I was teaching a Sunday School class for teenagers recently and mentioned in passing that God sings and when we sing we reflect part of his character. I received a number of confused looks from the teens present. Now my lesson wasn’t specifically on that point and my mention of it was by way of illustration, so I moved on. However, I think I’m going to revisit that briefly with them soon to help them see this important truth better. In addition, my other thought was that other Christians may have never heard this either, so here is a verse which demonstrates God as singing. Continue reading
Many news outlets have reported that Pope Francis wants to change the translation of the Lord’s Prayer. Specifically, he objects that “lead us not into temptation” (Matt. 6:13) makes it seem like the Lord leads us to sin.
With all due respect, I strongly believe he is wrong. The pope said, “That is not a good translation.” Actually, it is an excellent translation as you’ll see in this article. Continue reading
We often get the idea that work is a bad thing. However, God didn’t create work to be that way. In the Garden of Eden, Adam had work responsibilities.
And the LORD God took the man, and put him into the garden of Eden to dress it and to keep it. (Gen. 2:15)
Notice first that God put Adam in the garden. God was the One Who created work. As we saw in the previous verses, God made everything good, so work must be good. In Genesis 3, work became difficult due to sin, but work itself was created by God to be good for mankind. God made human beings to be productive.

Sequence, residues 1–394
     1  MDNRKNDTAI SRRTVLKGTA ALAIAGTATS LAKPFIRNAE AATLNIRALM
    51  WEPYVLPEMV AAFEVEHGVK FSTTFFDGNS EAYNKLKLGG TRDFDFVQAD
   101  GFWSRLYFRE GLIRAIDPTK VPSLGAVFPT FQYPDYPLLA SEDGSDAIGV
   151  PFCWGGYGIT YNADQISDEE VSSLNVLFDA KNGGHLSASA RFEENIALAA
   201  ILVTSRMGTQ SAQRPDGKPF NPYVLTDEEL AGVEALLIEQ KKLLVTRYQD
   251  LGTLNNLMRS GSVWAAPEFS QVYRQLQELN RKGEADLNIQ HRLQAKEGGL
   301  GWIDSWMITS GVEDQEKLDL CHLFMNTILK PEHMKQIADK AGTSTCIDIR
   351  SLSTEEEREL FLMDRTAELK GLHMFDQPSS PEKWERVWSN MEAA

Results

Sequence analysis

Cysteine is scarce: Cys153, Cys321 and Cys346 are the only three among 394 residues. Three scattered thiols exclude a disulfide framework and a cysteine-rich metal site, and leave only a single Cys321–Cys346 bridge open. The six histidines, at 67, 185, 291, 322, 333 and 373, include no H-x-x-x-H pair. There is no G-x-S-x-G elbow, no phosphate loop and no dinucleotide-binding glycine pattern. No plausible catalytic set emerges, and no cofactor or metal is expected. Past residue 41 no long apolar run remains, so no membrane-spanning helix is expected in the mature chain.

It took God just 6 days to create everything. This is a testimony to His omnipotence.
Genesis 2:1-3 Thus the heavens and the earth were finished, and all the host of them. 2 And on the seventh day God ended his work which he had made; and he rested on the seventh day from all his work which he had made. 3 And God blessed the seventh day, and sanctified it: because that in it he had rested from all his work which God created and made.
That creation was “finished” means that there was no more creation out of nothing (ex nihilo). All physical matter had been created. Of course, the created matter could change through various means (chemical, nuclear, etc.), but from this point, matter could neither be created or destroyed (First Law of Thermodynamics). Continue reading
1 Peter 1:1-2 Peter, an apostle of Jesus Christ, to the strangers scattered throughout Pontus, Galatia, Cappadocia, Asia, and Bithynia, 2 Elect according to the foreknowledge of God the Father, through sanctification of the Spirit, unto obedience and sprinkling of the blood of Jesus Christ: Grace unto you, and peace, be multiplied.
Peter addresses his first epistle to the “elect according to the foreknowledge of God the Father”. There is a long debate over the relationship with God’s sovereign election and mankind’s free will. A related discussion is the aspect of “foreknowledge” as helping reconcile the two. The argument goes like this: God looked into the future and saw who would believe on Jesus as savior. He then elected those persons to salvation. This is an valiant attempt to bring election and free will together, but it fails under closer scrutiny. Here’s why. Continue reading